* European share gains fade after ECB takes no fresh action
* Draghi Decides not to inject further liquidity into financial system
* Orange jumps on confident guidance
* FTSEurofirst 300 flat, Euro STOXX 50 up 0.3 pct
* Spain and Italy outperform for second day in a row
By Sudip Kar-Gupta and Tricia Wright
LONDON, March 6 (Reuters) - European stock markets gave up their gains on Thursday after the European Central Bank chose not to take action to inject more liquidity into the region’s financial system, disappointing some investors.
The FTSEurofirst 300 ended the day flat at 1,344.56 points, having earlier moved higher, while the euro zone’s blue-chip Euro STOXX 50 index was up just 0.3 percent at 3,144.53 points, down from its intraday high of 3,158.15 points.
The ECB kept interest rates on hold on Thursday and also chose not to suspend weekly operations in which it soaks up the money it spent on sovereign bonds at the height of the euro zone debt crisis.
Some had expected it would pause this process known as ‘sterilisation’, which would have added around 175 billion euros ($240.4 billion) in liquidity to the market.
With inflation running in the ECB’s “danger zone” below 1 percent - 0.8 percent at the last count - the ECB has discussed ending operations to drain funds from the financial system, a back door way of increasing liquidity.
“Disinflation is still a problem, and the market is a little bit concerned that Draghi does not appear to have changed his stance on that,” said Hantec Markets analyst Richard Perry.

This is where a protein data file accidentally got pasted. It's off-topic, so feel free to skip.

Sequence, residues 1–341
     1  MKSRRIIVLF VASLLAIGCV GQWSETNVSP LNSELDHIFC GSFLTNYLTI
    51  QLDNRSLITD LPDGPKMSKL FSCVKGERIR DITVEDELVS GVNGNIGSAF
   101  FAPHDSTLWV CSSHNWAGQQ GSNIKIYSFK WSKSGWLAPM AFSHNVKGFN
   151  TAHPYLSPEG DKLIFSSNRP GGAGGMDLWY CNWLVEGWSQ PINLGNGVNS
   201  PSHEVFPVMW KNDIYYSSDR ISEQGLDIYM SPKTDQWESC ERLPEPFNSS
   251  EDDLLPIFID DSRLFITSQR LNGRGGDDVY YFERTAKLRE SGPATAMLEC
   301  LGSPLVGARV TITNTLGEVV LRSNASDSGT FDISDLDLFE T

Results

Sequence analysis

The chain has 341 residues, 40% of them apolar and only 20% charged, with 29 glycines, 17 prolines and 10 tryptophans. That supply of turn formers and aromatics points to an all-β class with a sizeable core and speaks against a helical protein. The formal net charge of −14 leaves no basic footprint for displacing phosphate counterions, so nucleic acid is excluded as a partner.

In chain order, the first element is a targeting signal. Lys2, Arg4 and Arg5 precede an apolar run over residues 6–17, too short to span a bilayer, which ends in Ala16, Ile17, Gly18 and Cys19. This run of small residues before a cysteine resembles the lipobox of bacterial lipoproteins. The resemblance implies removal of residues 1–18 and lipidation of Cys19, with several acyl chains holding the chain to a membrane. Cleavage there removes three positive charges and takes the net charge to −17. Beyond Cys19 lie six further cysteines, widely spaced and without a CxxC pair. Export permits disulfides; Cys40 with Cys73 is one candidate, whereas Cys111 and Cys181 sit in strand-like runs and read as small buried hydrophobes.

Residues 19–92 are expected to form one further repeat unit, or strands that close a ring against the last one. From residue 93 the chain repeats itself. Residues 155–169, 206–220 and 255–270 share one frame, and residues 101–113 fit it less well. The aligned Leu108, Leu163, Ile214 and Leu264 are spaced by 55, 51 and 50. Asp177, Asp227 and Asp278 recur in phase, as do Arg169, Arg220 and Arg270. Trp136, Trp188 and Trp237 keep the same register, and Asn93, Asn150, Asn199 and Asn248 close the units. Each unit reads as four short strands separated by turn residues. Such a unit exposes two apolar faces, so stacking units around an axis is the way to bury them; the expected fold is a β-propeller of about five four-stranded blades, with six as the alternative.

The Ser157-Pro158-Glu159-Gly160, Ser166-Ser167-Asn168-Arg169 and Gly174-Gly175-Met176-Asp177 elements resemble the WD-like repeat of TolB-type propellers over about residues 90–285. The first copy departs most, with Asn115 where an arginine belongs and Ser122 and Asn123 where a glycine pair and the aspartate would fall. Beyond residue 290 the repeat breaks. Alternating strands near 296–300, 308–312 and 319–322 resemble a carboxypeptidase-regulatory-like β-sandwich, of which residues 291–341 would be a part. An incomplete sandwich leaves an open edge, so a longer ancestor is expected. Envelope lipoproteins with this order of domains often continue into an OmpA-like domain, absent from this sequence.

The Italian and Spanish stock markets, however, performed better than the broadly flat showing elsewhere in Europe for a second consecutive day.
Italy’s FTSE MIB equity index rose by 0.4 percent to 20,838.05 points, having earlier hit its highest level since June 2011, while Spain’s IBEX rose 0.9 percent.
The Milan and Madrid markets were helped by gains in Italian and Spanish banks, which have risen on signs of an economic recovery in those countries, which were hit hard by the 2010-2012 euro zone’s sovereign debt crisis.
Telecoms operator Orange strongly outperformed the market in brisk trade, rising 10.5 percent and adding the most points to the pan-European FTSEurofirst 300 index.
Orange reassured investors by maintaining its 2014 outlook and its goal of better margins and lower costs which should help stabilise its EBITDA (earnings before interest, tax, depreciation and amortisation).
“The 2014 outlook is bullish on EBITDA stabilisation,” analysts at Jefferies wrote in a research note.
Trading volume in Orange came to five times its 90-day daily average, while the FTSEurofirst 300 saw only its regular daily volume.